Consider what God wants for you


Readings for Feb. 5

Fifth Sunday in Ordinary Time

 Job 7:1-4; 6-7; 1 Corinthians 9:16-19; 22-23; Mark 1:29-39

 Today we listen to Job in his misery, sounding very hopeless. He has lost everything — wife, children, extended family, animals, wealth. All is gone and he cries out to God, why? We listen to this reading perhaps asking our own questions of why did this happen to Job since he was such a good man and now he seems in despair.

Perhaps we ponder our own questions of why did misfortune happen to me or to a loved one. Job in all his pain and suffering did not lose hope, he didn’t understand why but he continued to call out to God, he did not turn and walk away from God. What a role model Job is for each one of us. In our journey through life I’m sure there has been a time when you wanted to turn and walk away from God but like Job you stayed or maybe you did turn away and then returned knowing that life without God was impossible.

Kathleen Ebner

At the end of the story, Job says, “By hearsay I had heard of you, but now my eye has seen you.” The question seems to be not why did all this happen but how do I trust that all is in God’s hands. Job sees that he does not need to understand God but that he needs to trust what we hear in psalm 147, “the Lord heals the broken-hearted and mends our wounds.”

We may presume that Job’s reflections on the miseries of human life are meant to provide a background for the healing work of Christ, of which today’s Gospel speaks. It is from such miseries that Job speaks of that Christ comes to save us.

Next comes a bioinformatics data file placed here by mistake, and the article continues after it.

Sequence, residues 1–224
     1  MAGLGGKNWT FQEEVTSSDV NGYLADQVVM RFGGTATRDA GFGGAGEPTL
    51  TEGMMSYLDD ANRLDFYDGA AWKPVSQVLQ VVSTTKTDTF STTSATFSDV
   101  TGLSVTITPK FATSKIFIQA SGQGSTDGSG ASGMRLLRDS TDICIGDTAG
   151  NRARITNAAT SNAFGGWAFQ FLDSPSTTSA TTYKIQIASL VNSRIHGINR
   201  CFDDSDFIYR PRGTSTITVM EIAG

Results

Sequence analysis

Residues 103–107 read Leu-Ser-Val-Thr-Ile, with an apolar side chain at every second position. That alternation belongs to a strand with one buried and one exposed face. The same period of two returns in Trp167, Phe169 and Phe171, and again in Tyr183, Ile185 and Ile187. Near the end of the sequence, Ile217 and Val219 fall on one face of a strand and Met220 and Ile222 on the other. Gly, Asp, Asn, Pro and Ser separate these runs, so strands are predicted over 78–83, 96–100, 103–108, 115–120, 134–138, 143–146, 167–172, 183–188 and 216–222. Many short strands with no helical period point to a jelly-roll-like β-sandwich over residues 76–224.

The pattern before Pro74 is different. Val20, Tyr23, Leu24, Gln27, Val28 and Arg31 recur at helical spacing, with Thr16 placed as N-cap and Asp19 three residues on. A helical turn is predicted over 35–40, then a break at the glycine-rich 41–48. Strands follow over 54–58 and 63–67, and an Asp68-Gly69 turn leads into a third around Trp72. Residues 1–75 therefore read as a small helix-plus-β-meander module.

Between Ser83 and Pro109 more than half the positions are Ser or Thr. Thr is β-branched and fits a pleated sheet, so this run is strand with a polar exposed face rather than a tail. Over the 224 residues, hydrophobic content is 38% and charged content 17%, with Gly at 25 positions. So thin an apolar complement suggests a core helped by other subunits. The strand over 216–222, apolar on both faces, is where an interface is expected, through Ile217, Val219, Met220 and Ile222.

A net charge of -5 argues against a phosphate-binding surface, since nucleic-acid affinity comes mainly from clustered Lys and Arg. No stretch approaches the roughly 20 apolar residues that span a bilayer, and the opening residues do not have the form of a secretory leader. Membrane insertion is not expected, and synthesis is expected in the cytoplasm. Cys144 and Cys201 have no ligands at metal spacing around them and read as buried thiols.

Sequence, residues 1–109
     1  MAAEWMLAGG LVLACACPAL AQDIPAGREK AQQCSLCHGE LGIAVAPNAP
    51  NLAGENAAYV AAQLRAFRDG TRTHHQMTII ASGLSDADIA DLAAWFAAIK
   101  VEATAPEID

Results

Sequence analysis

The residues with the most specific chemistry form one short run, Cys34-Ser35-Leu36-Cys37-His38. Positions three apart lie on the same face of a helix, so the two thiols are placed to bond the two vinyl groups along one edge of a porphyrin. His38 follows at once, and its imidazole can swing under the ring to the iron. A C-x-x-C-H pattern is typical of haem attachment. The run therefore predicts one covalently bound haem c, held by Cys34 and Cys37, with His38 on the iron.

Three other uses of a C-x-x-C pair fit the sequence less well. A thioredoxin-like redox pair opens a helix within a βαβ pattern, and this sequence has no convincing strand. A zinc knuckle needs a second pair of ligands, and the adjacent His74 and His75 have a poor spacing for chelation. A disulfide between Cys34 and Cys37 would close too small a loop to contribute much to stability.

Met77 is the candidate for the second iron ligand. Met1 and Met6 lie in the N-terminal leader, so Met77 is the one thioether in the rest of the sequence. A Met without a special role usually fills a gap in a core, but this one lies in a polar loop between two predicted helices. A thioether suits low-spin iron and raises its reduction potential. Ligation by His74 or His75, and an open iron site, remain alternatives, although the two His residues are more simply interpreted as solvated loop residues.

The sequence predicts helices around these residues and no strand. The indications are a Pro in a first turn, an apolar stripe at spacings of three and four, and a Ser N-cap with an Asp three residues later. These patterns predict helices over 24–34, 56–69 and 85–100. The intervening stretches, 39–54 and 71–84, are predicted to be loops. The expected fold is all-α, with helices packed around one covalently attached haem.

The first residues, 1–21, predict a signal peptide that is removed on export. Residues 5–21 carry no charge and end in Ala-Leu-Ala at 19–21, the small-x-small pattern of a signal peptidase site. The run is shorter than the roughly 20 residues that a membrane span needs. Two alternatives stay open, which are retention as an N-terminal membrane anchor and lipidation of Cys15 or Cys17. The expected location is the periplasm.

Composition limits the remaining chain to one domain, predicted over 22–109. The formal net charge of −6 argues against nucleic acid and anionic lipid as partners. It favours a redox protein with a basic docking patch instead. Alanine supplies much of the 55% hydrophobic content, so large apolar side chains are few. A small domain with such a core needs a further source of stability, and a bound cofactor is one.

In Mark’s Gospel, Jesus moves from one busy day to the next very swiftly. This week we see him leaving the synagogue where he has taught the people, healed a man of an unclean spirit and then he travels to Peter’s house where he healed his mother-in-law.

He then has crowds of people at the door begging for healing and all this occurred on the first day of his ministry. He then slips out alone for some much needed prayer and again is called back for more healing requests but instead he moves along to the next town in order to teach about his Father and the Kingdom in the synagogue.

It seems there are two agendas here; the people are clamoring after Jesus to be healed and he is focused on preaching the good news.

Isn’t this the same as today? We are constantly praying in petition for something; some type of healing, strength, courage, patience, and all the things we think we so desperately need and Jesus is trying to teach and show us the most important truths we really need to grasp.

Like Job, we can sometimes allow ourselves to believe we can never be happy unless God answers our prayers and heals our suffering when what we need to realize is that God is with us in our life, that Christ has come to save us from our misery.

Instead of focusing on our needs, we can turn our attention to God’s desires for us and we will be able to grasp the hope that awaits us.

Kathleen Ebner is a member of St. Jude the Apostle Parish in Lewes, where she serves as a spiritual director and catechist.